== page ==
DAY 303:  I’ve titled this one “Little Yurt On The Prairie,” playing off of the title of the book and 70s television show Little House On The Prairie.  I never read the book, nor do I remember the TV show that well, just that in the introduction, young Laura Ingalls (played by young Melissa Gilbert) trips and falls as she runs down a hill.  I remember being it really funny.

Anyway, if you’ve followed The Blog through my voyage through Siberia, it probably didn’t come to any surprise that once I got to Ulan Baatar, Mongolia, it too was not a deserted city in the middle of nowhere.  To me, unless a city has a good vibe — like New York, Paris, Berlin — it is pretty generic.  As pleasant as Ulan Baatar was — particularly my host family—it was just another modern industrial city after seeing its cultural sights and museums, and so for my last three full days in Mongolia, I decided to spend it in Mongolia’s countryside.

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Wild Wild East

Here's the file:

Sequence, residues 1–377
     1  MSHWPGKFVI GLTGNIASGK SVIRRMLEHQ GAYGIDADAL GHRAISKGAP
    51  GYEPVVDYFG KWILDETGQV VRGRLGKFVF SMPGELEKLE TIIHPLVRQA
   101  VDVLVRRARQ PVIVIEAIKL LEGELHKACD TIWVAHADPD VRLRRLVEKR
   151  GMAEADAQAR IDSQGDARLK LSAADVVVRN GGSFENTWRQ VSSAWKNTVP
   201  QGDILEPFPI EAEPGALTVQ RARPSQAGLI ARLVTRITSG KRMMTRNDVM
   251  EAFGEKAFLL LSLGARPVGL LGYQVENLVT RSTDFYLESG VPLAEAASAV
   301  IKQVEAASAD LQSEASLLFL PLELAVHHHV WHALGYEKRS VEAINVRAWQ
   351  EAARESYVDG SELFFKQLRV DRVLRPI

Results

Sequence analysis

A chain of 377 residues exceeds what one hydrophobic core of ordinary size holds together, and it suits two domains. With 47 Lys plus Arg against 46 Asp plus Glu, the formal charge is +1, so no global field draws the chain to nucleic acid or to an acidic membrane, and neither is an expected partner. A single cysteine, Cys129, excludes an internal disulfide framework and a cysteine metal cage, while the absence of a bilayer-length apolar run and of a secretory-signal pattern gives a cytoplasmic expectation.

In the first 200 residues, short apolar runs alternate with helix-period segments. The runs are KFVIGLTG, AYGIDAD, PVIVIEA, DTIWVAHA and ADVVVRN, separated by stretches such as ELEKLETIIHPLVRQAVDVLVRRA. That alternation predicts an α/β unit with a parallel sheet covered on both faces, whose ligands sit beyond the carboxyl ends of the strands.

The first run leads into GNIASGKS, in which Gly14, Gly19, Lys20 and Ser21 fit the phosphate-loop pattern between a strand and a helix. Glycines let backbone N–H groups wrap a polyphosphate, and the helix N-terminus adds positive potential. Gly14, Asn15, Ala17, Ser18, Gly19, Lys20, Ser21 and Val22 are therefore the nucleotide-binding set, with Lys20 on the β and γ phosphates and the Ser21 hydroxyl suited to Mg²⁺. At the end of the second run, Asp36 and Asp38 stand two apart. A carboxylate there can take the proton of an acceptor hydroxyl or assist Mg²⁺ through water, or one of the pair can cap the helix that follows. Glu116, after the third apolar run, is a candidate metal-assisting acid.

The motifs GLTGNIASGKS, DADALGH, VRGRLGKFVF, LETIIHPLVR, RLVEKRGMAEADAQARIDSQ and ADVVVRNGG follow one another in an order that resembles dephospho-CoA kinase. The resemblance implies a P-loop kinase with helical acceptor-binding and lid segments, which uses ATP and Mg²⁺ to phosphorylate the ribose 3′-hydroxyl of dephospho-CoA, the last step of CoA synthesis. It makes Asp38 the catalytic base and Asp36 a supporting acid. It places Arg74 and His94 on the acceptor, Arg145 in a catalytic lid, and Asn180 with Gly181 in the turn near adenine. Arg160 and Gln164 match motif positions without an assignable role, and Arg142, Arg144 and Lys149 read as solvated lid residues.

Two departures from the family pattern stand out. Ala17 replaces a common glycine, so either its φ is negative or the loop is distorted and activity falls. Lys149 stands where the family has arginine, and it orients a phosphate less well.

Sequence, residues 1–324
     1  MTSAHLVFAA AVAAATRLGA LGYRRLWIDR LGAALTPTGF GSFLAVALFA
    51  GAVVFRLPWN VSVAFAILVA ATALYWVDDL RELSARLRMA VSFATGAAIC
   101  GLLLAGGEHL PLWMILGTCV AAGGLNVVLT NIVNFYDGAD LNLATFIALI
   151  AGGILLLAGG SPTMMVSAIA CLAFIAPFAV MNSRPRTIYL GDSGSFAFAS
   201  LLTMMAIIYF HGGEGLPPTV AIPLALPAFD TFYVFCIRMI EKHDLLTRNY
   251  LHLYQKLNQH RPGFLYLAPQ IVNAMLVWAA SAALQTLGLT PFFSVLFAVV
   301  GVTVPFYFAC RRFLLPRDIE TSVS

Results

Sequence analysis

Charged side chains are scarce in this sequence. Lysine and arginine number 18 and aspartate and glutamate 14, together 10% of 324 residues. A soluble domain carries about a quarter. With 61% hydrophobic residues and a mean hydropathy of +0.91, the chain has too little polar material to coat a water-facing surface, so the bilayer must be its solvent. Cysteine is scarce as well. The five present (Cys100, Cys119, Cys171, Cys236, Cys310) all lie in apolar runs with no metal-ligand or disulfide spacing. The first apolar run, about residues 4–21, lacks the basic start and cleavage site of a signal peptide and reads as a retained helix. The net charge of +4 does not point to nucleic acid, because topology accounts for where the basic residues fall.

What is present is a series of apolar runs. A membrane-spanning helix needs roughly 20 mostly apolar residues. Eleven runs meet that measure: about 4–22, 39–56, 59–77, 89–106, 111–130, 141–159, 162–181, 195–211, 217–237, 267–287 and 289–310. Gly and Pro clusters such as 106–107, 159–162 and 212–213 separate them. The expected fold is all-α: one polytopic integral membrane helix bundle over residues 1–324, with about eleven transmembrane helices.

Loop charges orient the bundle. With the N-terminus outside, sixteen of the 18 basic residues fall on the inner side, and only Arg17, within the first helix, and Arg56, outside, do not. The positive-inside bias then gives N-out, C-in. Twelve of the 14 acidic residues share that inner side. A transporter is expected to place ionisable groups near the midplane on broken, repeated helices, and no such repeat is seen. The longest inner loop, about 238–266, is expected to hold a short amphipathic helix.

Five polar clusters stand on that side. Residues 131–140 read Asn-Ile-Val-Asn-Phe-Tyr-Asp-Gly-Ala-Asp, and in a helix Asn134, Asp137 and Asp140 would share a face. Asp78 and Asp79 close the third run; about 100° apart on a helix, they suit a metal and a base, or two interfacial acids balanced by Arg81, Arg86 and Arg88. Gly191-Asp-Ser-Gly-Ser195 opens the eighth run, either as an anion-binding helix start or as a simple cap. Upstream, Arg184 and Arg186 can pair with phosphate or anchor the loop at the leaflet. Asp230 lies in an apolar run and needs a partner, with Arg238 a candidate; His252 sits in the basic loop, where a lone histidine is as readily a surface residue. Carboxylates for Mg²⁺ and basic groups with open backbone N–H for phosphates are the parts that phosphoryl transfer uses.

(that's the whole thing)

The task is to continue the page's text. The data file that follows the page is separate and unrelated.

From the trip blog: "The Global Trip 2004: Sixteen Months Around The World"
Posted August 24, 2004

DAY 304:  I’ve never been a cowboy in the traditional old American Wild Wild West sort of way, but I’ve seen a lot of classic Westerns.  Actually, that’s not true, I’ve only see a couple — or three if you include Mel Brooks’ western parody Blazing Saddles.  In any case, the point I’m trying to make is that the landscape of the Gorkhi-Terelj National Park was reminiscent of being in the old American west — especially when you are on the back of a horse all day wearing a sort of cowboy hat.

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Will The Real Mongolian Please Stand Up?